Linda Gail Lewis was born 12 years after her famous brother, so she's fond of saying she was born with music all around her.
The legendary Jerry Lee Lewis taught his baby sister to play "The Tennessee Waltz" on the piano when she was 2. She learned to play chords so she could write songs and would play them while singing at home. When she started her solo career, she resolved to practice and develop the boogie-woogie and rock 'n' roll piano that her brother had demonstrated. But only once.
"I couldn't find a piano player who had the right feel for '50s rock 'n roll," says the woman who'd wanted to be part of her brother's road show since she was 10. "So I bought a piano and jumped right in. I sounded OK and the more I played, the better I sounded. I'm still learning."
After time off to raise a family, Lewis joined her brother onstage but only until his then-wife kicked her off the tour. She was 40 at the time.
"It was challenging, but my mama and daddy always told us we could do anything we want in music," she recalls. "I never really had any doubts. I wasn't trying to be a pop star. I just want to do American roots music. I think the greatest music in the world comes from America."
Because her time in the music business dates back to before the me-too era, she acknowledges it was harder for a woman to get by. "The biggest problem was having men hit on you, especially record company executives back in the '60s. Most of the guys in the bands I've worked with have been great to me and I've learned a lot from them."
Lewis' solo career coincided with the rockabilly revival and it wasn't long before she'd developed a large following in Europe, mainly, she says, because she had better agents there. Extended tours exposed her to other musicians, like Van Morrison. "I met Van at one of my gigs," she recalls. "He came to see me and asked me to make some recordings. After we made them, he decided to release a duets album." Lewis also did an extended tour with Morrison.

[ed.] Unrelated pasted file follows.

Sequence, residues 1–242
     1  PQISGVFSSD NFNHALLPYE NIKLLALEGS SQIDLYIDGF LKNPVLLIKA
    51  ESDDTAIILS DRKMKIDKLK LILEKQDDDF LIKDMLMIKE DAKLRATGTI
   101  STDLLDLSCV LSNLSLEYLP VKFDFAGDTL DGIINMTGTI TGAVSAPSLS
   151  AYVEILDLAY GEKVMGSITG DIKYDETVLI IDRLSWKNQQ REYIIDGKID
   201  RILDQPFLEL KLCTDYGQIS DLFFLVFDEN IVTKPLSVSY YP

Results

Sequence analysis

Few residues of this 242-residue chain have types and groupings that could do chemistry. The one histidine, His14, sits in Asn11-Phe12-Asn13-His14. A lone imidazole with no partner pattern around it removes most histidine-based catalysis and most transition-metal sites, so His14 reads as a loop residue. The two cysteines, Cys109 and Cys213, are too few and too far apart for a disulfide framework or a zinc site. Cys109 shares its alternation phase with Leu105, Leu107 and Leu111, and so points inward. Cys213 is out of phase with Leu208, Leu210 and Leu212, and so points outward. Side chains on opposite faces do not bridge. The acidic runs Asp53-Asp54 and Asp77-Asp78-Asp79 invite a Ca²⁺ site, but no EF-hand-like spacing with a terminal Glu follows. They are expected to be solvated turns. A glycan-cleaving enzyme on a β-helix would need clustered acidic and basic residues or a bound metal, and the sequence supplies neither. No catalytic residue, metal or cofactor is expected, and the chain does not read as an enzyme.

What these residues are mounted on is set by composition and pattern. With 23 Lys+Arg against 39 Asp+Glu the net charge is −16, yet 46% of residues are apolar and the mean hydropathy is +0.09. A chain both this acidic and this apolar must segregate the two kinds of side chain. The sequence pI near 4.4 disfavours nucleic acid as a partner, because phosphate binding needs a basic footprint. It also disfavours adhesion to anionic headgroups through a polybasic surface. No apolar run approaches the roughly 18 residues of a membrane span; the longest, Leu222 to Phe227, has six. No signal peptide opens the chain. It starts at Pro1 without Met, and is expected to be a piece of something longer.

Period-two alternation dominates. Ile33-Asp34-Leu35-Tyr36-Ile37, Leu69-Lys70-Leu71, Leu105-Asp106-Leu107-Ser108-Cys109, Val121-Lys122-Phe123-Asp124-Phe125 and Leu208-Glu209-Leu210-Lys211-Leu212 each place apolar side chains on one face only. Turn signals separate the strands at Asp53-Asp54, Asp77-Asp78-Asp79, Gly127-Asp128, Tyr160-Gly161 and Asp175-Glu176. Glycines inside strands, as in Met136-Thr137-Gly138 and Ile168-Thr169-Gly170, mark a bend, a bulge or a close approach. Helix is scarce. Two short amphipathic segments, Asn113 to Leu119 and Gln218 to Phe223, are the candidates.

For her new album "Wild! Wild! Wild!" her duo partner is the talented, Grammy-nominated singer and songwriter Robbie Fulks and she's not shy about saying how much pleasure working together provided. "I enjoyed my album and one year of touring with Van, but I've had more fun with Robbie Fulks in 15 minutes than I had with Van in a year," she explains. "Van did very little to showcase me, while Robbie is totally committed to helping me."
Lewis had always wanted to have her daughter Annie in her show because of her talent and with Annie came her husband, guitarist Danny B. Harvey, who's also the band leader.
"He introduced me to some great guys — Saul and Bryant from D.C. — and of course Annie is singing and we all sing together. It's so much fun to be on the road with family. It makes everything better."
Linda Gail Lewis performs Saturday, Oct. 13, from 1 to 1:45 p.m. at the Community Foundation stage and from 3 to 4 p.m. in the Dominion Energy Dance Pavilion. On Sunday, Oct. 14, she will be part of American Piano Traditions from 4 to 5 p.m. on the Community Foundation Stage.